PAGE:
How atheists are forced to attend chapel in military training
When I was in military basic training, I was not forced to go to chapel. I though was required to clean the barracks with the other "heathens" while those who went to chapel didn't. Of course they had a right to go to chapel, but they should have been required to help clean the barracks afterwards or us non-religious, humanists, atheists etc should have had our own time off to read books by Kurt Vonnegut, Bertrand Russell or other humanist authors.
Well, some atheists in the military were heavily pressured or required to attend chapel while in basic training. Just like coaches pushing their religion on athletes in public schools, there are drill sergeants doing the same with recruits, but recruits have even less ability to stand up for their rights. In basic training, a drill sergeant is quite literally, at least a demi-god.
Justin Griffith is the military director of American Atheists. He relays his experience as a young recruit at basic training. Unfortunately, his experience is all too common. It seems my own experience was rather mild compared to many other atheists in the military. I guess it depends on how evangelical in their religion, your drill sergeants and officers above you, are in fact. He writes of being in in an assembly early in basic where different lines were being formed, for those of differing religions:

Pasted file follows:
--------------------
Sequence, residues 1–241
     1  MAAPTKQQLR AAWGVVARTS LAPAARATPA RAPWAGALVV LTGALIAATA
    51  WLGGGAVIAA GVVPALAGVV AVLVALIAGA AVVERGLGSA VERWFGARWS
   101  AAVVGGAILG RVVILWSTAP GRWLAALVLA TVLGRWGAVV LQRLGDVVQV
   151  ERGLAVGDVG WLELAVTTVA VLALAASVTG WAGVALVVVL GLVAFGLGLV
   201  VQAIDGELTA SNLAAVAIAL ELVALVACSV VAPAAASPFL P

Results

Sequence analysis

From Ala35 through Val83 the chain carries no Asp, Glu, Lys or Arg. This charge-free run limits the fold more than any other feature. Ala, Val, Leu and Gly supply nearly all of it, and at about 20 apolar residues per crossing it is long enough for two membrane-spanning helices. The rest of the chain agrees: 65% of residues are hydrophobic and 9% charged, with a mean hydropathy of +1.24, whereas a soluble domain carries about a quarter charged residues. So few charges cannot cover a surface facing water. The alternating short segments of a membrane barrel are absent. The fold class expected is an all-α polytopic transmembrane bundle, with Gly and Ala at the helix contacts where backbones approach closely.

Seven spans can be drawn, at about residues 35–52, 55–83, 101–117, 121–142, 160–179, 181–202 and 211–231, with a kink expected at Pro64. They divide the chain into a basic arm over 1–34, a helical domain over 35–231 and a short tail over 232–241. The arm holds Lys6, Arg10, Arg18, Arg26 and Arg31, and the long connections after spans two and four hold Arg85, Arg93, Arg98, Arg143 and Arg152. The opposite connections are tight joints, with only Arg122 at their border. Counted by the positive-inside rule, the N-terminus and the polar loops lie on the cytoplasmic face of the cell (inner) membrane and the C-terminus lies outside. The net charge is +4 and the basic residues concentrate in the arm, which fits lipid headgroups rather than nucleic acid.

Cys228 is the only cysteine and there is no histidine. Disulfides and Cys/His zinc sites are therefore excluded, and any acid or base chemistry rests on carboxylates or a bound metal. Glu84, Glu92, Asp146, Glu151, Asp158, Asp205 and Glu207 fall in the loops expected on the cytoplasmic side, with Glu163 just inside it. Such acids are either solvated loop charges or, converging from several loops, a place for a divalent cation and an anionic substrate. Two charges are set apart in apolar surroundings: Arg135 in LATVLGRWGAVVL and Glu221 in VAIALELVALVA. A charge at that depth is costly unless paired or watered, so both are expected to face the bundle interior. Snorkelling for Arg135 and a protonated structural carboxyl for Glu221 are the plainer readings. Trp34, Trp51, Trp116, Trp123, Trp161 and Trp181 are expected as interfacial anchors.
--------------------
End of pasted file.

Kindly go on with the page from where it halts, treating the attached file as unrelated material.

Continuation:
I looked for the “not attending church” line, but could not find it. I was instead ordered to line up in the non-denominational line.
I sounded off, “Sir, This Recruit requests permission to not attend church services, Sir!”
Another platoon’s Drill Instructor interrogated and berated me for quite some time as I continued to respond with that phrase. Finally he gave in and took me back to the barracks where my Drill Instructor did the same. Eventually he too gave in and put me to work cleaning different areas of the barracks.
My Senior Drill Instructor (a church choir singer and devout christian) was then informed. He attempted the interrogation and berating, having the same effect. Later he had both a private and a public “Hats off” more polite conversation urging me to attend church services. Again I sounded off with the phrase that became my mantra. ”Sir, This Recruit requests permission to not attend church services, Sir!” He then seemed to want nothing to do with me since I wouldn’t “Do this for him.”
At least he stopped trying to force me to go.